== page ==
After five years, she left.
Now in his early 30s, Jacob felt he had no idea how to make a relationship work. Was compatibility something that could be learned? Would permanence simply happen, or would he have to choose it? Around this time, he signed up for two online dating sites: Match.com, a paid site, because he’d seen the TV ads; and Plenty of Fish, a free site he’d heard about around town.
“It was fairly incredible,” Jacob remembers. “I’m an average-looking guy. All of a sudden I was going out with one or two very pretty, ambitious women a week. At first I just thought it was some kind of weird lucky streak.”
After six weeks, Jacob met a 22-year-old named Rachel, whose youth and good looks he says reinvigorated him. His friends were jealous. Was this The One? They dated for a few months, and then she moved in. (Both names have been changed for anonymity.)
Rachel didn’t mind Jacob’s sports addiction, and enjoyed going to concerts with him. But there were other issues. She was from a blue-collar military background; he came from doctors. She placed a high value on things he didn’t think much about: a solid credit score, a 40-hour workweek. Jacob also felt pressure from his parents, who were getting anxious to see him paired off for good. Although a younger girlfriend bought him some time, biologically speaking, it also alienated him from his friends, who could understand the physical attraction but couldn’t really relate to Rachel.
In the past, Jacob had always been the kind of guy who didn’t break up well. His relationships tended to drag on. His desire to be with someone, to not have to go looking again, had always trumped whatever doubts he’d had about the person he was with. But something was different this time. “I feel like I underwent a fairly radical change thanks to online dating,” Jacob says. “I went from being someone who thought of finding someone as this monumental challenge, to being much more relaxed and confident about it. Rachel was young and beautiful, and I’d found her after signing up on a couple dating sites and dating just a few people.” Having met Rachel so easily online, he felt confident that, if he became single again, he could always meet someone else.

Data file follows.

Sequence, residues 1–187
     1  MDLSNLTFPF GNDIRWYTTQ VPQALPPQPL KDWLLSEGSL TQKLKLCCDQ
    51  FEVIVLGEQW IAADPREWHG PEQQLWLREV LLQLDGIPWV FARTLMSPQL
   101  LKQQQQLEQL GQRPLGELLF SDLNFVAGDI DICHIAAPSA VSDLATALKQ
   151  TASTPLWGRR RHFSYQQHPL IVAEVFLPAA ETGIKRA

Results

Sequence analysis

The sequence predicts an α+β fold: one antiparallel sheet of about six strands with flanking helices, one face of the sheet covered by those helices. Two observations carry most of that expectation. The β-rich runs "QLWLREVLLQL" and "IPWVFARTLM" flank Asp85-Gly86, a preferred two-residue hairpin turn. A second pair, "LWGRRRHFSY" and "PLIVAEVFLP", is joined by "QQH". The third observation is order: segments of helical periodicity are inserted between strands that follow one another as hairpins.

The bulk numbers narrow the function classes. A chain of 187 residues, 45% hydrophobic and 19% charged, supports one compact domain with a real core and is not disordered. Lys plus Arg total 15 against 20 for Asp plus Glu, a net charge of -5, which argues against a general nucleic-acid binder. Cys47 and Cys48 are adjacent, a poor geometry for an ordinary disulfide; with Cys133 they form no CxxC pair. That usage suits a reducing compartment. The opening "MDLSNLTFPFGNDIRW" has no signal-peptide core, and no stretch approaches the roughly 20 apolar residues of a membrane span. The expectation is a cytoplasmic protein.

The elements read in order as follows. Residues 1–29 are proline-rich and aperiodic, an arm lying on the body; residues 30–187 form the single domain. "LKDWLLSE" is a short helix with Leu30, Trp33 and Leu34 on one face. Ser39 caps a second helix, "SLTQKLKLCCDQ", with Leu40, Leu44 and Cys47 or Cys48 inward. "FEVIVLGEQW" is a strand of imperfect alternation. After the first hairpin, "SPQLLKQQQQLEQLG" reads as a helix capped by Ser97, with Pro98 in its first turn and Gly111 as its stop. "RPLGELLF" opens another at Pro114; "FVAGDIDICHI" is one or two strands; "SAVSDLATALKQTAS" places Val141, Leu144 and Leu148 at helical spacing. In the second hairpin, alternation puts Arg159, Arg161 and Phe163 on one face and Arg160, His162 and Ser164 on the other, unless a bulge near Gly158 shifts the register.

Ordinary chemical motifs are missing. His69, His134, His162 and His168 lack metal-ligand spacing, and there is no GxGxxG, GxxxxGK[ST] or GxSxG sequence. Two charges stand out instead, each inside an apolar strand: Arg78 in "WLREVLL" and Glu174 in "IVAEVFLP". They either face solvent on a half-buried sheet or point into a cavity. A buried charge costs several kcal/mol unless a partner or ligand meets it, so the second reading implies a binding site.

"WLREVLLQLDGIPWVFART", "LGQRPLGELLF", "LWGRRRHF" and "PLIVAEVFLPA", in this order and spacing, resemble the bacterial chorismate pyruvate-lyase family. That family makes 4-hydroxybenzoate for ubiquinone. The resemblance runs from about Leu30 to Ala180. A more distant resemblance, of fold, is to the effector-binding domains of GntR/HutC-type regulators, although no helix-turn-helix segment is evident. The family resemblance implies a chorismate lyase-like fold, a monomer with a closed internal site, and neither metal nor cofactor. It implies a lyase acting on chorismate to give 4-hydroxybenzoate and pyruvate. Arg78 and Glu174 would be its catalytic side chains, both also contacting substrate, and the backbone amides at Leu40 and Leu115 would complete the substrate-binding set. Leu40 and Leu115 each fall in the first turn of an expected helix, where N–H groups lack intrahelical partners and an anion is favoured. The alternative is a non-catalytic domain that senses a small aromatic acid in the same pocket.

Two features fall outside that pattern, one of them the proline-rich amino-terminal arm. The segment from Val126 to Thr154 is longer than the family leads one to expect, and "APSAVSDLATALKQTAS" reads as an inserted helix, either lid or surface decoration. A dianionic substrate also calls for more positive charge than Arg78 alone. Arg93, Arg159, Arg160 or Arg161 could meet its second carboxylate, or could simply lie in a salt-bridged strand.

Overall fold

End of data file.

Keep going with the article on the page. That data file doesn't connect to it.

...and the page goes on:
After two years, when Rachel informed Jacob that she was moving out, he logged on to Match.com the same day. His old profile was still up. Messages had even come in from people who couldn’t tell he was no longer active. The site had improved in the two years he’d been away. It was sleeker, faster, more efficient. And the population of online daters in Portland seemed to have tripled. He’d never imagined that so many single people were out there.
“I’m about 95 percent certain,” he says, “that if I’d met Rachel offline, and if I’d never done online dating, I would’ve married her. At that point in my life, I would’ve overlooked everything else and done whatever it took to make things work. Did online dating change my perception of permanence? No doubt. When I sensed the breakup coming, I was okay with it. It didn’t seem like there was going to be much of a mourning period, where you stare at your wall thinking you’re destined to be alone and all that. I was eager to see what else was out there.”